If you have been reading my blog for a while — I hope you have! — you probably know that gardening is one of my passions. You probably also know that I like to geek out on the technical aspects of gardening, like the right composition of greens and browns for compost, and, the topic of this blog post, the biology of pruning plants.

If you like gardening, you have probably watched many YouTube videos on pruning the specific plants you liked. Maybe roses, or fruit trees or shrubs you can use for hedges. But have you ever wondered if there was a science behind all that technique? Can we make sense of the basics of plant growth and how it can be affected by pruning? If we can, then it becomes easy to prune new plants.

You just have to apply the rules that you learned to that particular type of plant and you are good to go. In this post, I will try to explain the biology of pruning so that you can, hopefully, prune any plant you encounter with confidence.

The prime directive of plants: pun intended

I hope trekkies enjoyed the pun in the title of this section, but SciFi shows aside, the prime directive of any plant — or any living thing really — is to reproduce. Plants want to make little plants. They want to do this because they want to ensure the survival of their species. I know that want may be too strong of a word here, so let me put it another way.

Natural selection favors living creatures that can reproduce prolifically and out-compete their competitors. Evolution itself selects for living things that can reproduce effectively. What this means is that a plant will do its best to reproduce. Doing all it can to ensure that it can pass on its genes. “ But how does this affect pruning?” I hear you ask.

Well, the main way that plants reproduce is by producing flowers that, when pollinated, produce fruit that contains seeds. The dispersal of these seeds ensures that the plant’s gene pool survives. So a plant will put all it’s energy into producing flowers and, eventually, seed bearing fruits in order to survive.

Preventing bolting: remove those flowers

Depending on what we want from a plant, we can take advantage of this while pruning. For example, if what we want from a plant is foliage — it’s leaves — then we want to reduce flowering as much as possible. This is because once such a plant flowers, it will direct all it’s energy to the flower, neglecting the foliage which we desire.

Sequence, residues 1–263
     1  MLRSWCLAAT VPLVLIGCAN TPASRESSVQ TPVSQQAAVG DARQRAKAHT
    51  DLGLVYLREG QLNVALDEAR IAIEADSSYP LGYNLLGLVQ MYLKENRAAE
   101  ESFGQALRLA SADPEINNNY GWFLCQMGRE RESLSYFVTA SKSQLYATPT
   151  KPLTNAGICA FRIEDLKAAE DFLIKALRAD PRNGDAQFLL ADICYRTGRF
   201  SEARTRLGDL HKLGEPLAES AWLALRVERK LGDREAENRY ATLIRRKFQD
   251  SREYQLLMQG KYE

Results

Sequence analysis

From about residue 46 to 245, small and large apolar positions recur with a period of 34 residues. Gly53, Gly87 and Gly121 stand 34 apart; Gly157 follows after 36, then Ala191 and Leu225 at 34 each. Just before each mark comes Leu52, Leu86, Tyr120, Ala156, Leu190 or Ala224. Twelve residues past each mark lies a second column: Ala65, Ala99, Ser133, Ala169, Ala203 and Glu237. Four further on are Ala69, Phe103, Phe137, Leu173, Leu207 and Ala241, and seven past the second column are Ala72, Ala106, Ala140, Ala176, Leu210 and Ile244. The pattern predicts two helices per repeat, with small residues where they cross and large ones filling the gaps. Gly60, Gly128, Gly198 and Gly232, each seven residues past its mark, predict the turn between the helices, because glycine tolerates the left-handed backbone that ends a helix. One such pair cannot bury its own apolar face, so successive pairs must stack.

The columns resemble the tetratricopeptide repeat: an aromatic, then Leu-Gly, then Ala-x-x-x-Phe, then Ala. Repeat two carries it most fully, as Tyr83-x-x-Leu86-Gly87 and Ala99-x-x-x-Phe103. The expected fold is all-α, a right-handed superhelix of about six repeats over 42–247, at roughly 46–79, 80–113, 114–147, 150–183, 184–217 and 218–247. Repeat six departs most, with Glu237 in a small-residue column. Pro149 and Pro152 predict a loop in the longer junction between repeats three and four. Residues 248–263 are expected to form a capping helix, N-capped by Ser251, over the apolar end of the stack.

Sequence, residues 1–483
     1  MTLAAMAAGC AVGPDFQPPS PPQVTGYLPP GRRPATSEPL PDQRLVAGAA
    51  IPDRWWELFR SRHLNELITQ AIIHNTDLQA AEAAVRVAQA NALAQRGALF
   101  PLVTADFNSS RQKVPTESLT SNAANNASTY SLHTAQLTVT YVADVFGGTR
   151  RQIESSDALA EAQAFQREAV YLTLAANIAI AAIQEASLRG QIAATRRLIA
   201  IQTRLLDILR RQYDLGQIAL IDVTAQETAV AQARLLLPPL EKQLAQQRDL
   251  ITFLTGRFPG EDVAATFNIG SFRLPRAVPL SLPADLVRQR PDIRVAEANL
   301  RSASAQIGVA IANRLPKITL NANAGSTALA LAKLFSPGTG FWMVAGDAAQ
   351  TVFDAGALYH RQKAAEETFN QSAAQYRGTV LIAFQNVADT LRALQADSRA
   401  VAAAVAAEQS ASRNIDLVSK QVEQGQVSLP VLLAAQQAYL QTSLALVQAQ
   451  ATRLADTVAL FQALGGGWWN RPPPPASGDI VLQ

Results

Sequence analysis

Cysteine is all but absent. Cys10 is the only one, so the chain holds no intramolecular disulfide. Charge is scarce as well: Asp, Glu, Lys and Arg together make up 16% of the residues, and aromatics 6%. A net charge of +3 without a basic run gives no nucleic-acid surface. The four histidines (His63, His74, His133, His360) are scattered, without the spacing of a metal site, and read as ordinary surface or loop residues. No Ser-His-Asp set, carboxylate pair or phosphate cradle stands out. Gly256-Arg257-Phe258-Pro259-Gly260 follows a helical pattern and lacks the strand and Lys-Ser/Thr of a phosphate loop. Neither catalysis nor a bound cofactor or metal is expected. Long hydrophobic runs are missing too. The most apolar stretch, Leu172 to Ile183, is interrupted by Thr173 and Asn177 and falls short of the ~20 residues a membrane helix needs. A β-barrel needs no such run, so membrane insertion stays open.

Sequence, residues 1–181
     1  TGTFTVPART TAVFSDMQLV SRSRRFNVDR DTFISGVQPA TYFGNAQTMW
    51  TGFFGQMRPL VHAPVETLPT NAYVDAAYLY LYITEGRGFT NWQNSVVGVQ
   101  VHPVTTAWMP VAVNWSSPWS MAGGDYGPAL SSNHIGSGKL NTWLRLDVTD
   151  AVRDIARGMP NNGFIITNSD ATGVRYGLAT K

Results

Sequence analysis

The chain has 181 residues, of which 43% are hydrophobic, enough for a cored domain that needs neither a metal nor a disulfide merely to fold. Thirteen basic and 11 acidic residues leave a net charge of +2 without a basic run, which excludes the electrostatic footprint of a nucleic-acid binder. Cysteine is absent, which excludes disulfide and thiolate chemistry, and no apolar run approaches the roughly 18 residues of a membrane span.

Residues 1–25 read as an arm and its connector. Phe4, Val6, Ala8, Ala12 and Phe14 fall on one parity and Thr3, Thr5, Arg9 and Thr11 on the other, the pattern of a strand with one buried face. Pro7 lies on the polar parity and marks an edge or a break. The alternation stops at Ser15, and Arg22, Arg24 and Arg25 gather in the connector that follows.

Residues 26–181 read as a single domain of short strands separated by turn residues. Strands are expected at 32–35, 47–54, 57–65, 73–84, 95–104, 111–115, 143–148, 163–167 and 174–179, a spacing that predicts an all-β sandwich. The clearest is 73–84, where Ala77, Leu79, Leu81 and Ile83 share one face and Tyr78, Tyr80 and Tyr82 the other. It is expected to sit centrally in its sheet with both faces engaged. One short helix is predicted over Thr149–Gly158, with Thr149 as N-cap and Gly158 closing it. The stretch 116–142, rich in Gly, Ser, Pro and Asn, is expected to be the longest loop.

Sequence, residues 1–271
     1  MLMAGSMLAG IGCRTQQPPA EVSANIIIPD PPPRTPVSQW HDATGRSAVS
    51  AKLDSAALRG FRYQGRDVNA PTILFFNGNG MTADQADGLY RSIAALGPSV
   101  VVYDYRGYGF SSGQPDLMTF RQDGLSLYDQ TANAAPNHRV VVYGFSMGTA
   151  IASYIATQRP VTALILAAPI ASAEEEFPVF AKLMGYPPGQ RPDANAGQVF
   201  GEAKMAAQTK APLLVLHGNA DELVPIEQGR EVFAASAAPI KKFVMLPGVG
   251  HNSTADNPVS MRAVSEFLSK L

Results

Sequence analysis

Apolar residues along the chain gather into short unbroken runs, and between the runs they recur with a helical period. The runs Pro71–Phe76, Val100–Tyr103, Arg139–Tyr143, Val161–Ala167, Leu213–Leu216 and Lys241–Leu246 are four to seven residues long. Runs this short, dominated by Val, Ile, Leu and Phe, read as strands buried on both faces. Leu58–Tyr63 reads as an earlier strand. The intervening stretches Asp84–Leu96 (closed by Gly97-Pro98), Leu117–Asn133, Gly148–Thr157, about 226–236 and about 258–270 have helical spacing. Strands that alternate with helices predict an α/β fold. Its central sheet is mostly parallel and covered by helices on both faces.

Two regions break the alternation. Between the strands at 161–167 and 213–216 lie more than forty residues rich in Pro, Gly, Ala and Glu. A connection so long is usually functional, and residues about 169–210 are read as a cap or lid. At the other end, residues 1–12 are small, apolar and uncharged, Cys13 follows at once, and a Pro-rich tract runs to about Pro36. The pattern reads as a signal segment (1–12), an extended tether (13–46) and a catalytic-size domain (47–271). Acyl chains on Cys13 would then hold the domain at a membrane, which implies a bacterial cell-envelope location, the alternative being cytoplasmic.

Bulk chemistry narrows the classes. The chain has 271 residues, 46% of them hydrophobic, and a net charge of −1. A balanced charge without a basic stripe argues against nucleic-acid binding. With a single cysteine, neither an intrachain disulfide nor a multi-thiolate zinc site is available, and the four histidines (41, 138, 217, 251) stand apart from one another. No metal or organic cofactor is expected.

Some of you may be trying to think of plants where the foliage is more important than flowers — because who doesn’t like flowers, right? Well my friend, there are many plants where the leaves are more important than the flowers. For example, consider herbs like basil, mint, arugula, rosemary. These yummy plants give us pesto and other awesome tasting sauces. The world of gastronomy would be much poorer without them! The part of these plants used in cooking, the part that contains all that yummy flavor, is their leaves.

We want these plants to produce as many leaves as possible. In fact, when they flower, we say that they have bolted and the taste of their leaves deteriorates. They generally become more bitter. For these plants, it is important to delay flowering as much as possible to ensure that we have enough lush leaves to harvest.

Another example of plants where leaves would be more important than flowers are plants that have decorative leaves, like Coleus. Their decorative leaves are much more prized than their, in comparison, plain flowers. Since the prime directive of all plants is to reproduce, these plants will try to produce flowers. However to make sure that they continue to produce leaves, pinch any developing flowers you see.

By pinching the flowers buds before they fully develop, you redirect the energy that the plant would have used to nourish the flower to its leaves. So instead of trying to make seeds, the plant will try to make more leaves. It will do this because the loss of the flower means it has more energy to direct towards leaf growth.

Of course, this is a loosing game in most cases. Eventually the herbs will bolt and produce flowers. All is not lost however, let them produce flowers when it becomes impossible to control. Their small flowers are attractive to beneficial insects, and they will eventually produce seeds that you can harvest and use to plant the next season of herbs.